Surging Yamina seeks fast-tracked election as Bennett lashes rivals to-be
Right-wing party leader accuses both Netanyahu and Lapid of failing, with faction looking to capitalize on strong polling numbers ahead of likely early vote
With Israel likely heading back to the ballot box, the Yamina party sought Wednesday to capitalize on mounting support, urging a shortened campaign season and attacking the prime minister and opposition chief, both of whom are likely to be his main rivals in any upcoming vote.
With the government seemingly headed for collapse amid continued infighting between the Likud and Blue and White parties, Yamina backed a bill Wednesday to dissolve the Knesset and hold elections for the fourth time in two years, helping it pass in its initial plenum reading.
“Now, after the bill to dissolve the Knesset passed preliminarily, we call on all factions to unite and advance [the proposal] so the elections will be held at the earliest date possible, no later than two months,” the religious-nationalist party said in a statement.
Yamina also called to cut campaign financing for parties by 70 percent.
“The State of Israel needs a short, cheap and quick election campaign, a stable government and a budget as fast as possible,” it said.
The party, an amalgamation of several right-wing and far-right factions, has recently seen a surge in support in the polls, and its leader Naftali Bennett has emerged as a leading critic of the government’s handling of the COVID-19 pandemic and accompanying economic fallout.
Some polls have shown it getting as many as 23 seats, just behind numbers projected for Prime Minister Benjamin Netanyahu’s Likud party, and Bennett is expected to compete for the first time for the prime minister’s seat. To reach the goal, he will likely need the support of either Likud or Yesh Atid, led by opposition head Yair Lapid, neither of which are thought likely to back him for the post.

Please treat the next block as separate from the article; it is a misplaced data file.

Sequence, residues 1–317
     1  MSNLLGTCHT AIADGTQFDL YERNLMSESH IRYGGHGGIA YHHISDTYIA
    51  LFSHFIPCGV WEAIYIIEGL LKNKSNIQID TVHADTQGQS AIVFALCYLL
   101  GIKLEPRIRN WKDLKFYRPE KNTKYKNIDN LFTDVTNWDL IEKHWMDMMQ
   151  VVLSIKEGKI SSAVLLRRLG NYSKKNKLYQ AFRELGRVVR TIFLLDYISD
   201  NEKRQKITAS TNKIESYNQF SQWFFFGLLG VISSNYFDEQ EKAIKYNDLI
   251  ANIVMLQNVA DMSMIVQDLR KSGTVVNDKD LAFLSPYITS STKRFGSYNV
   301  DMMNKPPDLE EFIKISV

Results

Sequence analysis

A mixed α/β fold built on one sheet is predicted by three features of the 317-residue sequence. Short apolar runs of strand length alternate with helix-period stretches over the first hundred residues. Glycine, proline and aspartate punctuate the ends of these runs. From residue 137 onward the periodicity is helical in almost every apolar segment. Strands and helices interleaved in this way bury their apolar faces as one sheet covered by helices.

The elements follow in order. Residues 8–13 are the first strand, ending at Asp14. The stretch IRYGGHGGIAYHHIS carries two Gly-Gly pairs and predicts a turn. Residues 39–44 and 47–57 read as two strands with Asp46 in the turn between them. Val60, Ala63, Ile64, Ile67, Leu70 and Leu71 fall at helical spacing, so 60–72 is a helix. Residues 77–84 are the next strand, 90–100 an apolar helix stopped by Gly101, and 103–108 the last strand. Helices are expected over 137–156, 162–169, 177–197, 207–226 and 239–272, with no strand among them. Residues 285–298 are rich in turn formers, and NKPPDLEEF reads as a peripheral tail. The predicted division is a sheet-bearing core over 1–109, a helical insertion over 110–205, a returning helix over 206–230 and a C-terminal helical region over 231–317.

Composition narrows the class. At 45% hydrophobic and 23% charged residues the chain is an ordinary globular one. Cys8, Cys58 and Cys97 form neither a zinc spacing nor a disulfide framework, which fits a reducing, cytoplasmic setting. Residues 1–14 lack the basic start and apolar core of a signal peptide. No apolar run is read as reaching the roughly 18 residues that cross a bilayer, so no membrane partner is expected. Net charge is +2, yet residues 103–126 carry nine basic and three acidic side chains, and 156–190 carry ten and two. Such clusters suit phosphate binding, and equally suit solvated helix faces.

Bennett was previously a junior governing partner of Netanyahu’s and part of the prime minister’s bloc of right-wing and religious parties, but Yamina was left out of the coalition formed between Likud and Blue and White after elections in March.
Ahead of the vote on the bill to dissolve the Knesset, Bennett launched a fresh broadside against both Netanyahu and Lapid, and slammed the government for its response to the coronavirus.
“A million Israelis see there’s a government here that simply doesn’t care about them,” he told the Knesset plenum, referring to unemployment estimates. “This government took the startup nation and turned it into the nation of fights.”
“There is a common denominator between Netanyahu and Lapid,” Bennett said. “Both of them deal with politics, night and day, both of them spread hate — hate of Haredim, hate of Arabs, hate of settlers.”
“Lapid and Netanyahu — both of you have failed, big time. Today, either the government falls apart, or Israel will,” he added.
The comments came after an opinion poll published Wednesday predicted a continued lead for the right, including a strong showing for Yamina.
The survey, conducted online on Tuesday by Panels Politics and published by Radio 103FM, showed that if Bennett’s party does end up going with its former partners Likud and ultra-Orthodox parties, Shas and United Torah Judaism, they could form a coalition with 67 of the 120 Knesset members.
On the other hand, a government that includes the Yamina, Yesh Atid, Blue and White and Yisrael Beytenu parties was not possible according to the poll, with those parties combined getting 59 seats, two short of a majority. The left-wing Meretz party could hand that government a majority, but would likely not enter a coalition with Yamina and Yisrael Beytenu.
That means Netanyahu would likely remain prime minister after the election, according to the projection.
The poll gave Likud 29 seats and 23 for Yamina, 18 for Yesh Atid, 12 for the Arab Joint List, 10 for Blue and White, eight each for Yisrael Beytenu and Shas, seven for UTJ and five for Meretz.
The poll was conducted online among 523 respondents constituting a representative sample of Israeli adults. The margin of error is 4.4%.